So here are a few things I’ve learned in building winning relationships. These aren’t just theories. They are time-tested principles earned with sweat, blood, and lots of tears.
I have to do what it takes to be healthy and whole as an individual so I can show up for others.
If my primary motive for finding friends is to fill the loneliness inside me, I’m going to look for people to make me happy. That always ends in burnout. It’s true that loneliness can be a good motivation for finding friends, but when I try to use people just to make me feel more happy and less alone, I’m demanding something from them they can never give.
On the other hand, if I show up looking for ways to serve my friends, I add value to their lives. This builds trust, shows I care about them, and invites them to do the same. And when friendships are built on people serving each other, incredible things happen.
As the great motivational speaker Zig Ziglar once said, “If you go looking for a friend, you’re going to find they’re very scarce. If you go out to be a friend, you’ll find them everywhere.”
Consistently showing up is key to building winning relationships.
Once I know the value I can add to others’ lives, I get to show up again and again. It’s practicing politeness and kindness. Asking questions to get to know people better. Learning how to express my feelings and stories in ways that contribute to conversations. Showing up to parties when I’d rather stay home. Inviting people over for dinner or a movie. The point is, showing up means inviting people into our lives as we are and letting them know they can do the same. And it’s doing that over and over again.
Always add value to the lives of people around you.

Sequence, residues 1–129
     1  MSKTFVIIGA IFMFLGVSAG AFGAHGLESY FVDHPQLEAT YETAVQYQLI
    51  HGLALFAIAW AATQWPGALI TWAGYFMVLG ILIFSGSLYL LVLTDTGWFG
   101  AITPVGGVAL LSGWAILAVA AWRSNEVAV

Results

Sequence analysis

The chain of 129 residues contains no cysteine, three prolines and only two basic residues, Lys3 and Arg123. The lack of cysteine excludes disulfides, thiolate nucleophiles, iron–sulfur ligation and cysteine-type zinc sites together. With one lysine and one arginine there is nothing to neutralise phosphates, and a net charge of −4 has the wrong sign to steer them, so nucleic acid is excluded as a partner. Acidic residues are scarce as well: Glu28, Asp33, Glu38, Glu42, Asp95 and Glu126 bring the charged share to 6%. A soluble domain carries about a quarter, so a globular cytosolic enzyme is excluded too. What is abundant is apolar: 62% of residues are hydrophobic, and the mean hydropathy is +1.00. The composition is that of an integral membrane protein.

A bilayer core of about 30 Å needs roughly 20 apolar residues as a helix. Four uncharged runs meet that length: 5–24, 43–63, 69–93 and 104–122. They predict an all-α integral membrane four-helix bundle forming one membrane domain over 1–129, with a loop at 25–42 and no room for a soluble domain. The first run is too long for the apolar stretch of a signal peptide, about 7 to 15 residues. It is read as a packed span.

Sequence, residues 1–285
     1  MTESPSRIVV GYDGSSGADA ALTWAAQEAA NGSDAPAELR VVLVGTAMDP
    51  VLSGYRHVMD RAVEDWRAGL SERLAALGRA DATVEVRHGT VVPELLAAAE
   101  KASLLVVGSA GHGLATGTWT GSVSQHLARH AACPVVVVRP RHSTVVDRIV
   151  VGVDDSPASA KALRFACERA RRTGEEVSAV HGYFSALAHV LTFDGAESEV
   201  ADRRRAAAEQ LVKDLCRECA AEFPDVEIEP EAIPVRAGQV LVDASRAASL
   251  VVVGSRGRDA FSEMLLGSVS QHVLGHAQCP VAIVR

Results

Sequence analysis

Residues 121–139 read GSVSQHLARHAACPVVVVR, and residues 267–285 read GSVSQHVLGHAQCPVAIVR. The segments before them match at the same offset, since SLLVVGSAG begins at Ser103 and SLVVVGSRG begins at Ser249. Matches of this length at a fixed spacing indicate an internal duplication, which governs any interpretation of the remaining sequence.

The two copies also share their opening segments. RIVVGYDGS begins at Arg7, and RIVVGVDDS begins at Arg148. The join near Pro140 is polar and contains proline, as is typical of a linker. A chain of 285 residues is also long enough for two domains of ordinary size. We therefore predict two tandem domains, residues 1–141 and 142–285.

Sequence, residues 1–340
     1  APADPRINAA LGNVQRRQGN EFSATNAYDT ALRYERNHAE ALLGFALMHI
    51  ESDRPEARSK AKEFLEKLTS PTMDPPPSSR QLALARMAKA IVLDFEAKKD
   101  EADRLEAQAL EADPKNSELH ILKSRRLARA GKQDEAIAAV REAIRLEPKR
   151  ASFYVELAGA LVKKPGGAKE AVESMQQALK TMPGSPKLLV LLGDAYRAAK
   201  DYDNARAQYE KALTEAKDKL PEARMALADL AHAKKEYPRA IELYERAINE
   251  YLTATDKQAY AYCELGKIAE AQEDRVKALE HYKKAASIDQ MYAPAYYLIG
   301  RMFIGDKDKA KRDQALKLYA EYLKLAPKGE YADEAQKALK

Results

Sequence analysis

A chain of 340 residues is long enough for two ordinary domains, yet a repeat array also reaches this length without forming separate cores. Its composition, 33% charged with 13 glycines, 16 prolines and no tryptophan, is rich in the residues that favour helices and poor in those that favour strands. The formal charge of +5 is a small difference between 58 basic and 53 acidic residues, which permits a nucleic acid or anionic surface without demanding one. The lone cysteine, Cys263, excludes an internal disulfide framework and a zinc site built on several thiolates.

I can show up but if I make every interaction about myself, I won’t have friends for long. The way to build great relationships is by listening to others, seeking to understand them, and expressing a genuine interest in their lives. It’s also learning how to tell my stories and share my opinions in ways that further conversations and don’t just bring the attention back to myself. A good tip for building friendships is to make the other people feel like the most important people in the room. When your interest is genuine, you show them you care. Some people will return the same interest to you and that is how you find great friends.
It’s also worth noting that some relationships are toxic and require separation and distance. I’m not saying we ought to intentionally put ourselves in unhealthy relationships and hope for the best. That’s unwise. However, we all have flaws that make it easier for us to pull away from each other. Our challenge is to see past the flaws to the people behind the masks, to show grace and forgiveness, and to help each other grow.
Grit isn’t just the flashy endurance stuff that gets TikTok views and likes. It’s in you, the parent showing up every day for your kids and creating a stable environment for them. It’s in you, the spouse who chooses to show love every day and believe in your partner that, come hell or high water, you’re sticking this out. It’s in you, the individual showing up every day to your students, to your team, or to your customers and making a difference for them. And it’s being faithful and excellent for as long as you do it.
It’s not glamorous and that’s okay. The real stuff of life rarely happens in the spotlight. But you’ll end up with fulfilling friendships and a lifetime of memories. Best of all, you’ll know what true connection is in a world that has settled for fake connections and escaping from reality. And once you’ve tasted true connection, you won’t settle for anything less than the real deal.
Tim Fisher is the Controller and Director of Teams & Talents for Unbound, where he not only crunches numbers but also ensures the team members have what they need to succeed. He earned his bachelor’s in accounting through Thomas Edison State University and jumps at nearly every chance to travel he gets.
When he’s not studying about vision and leadership, Tim enjoys creating adventures with friends, running, biking, and reading. His life mantra is “Live life with an open hand.” Known to move and travel quite often, he currently lives in northern Indiana.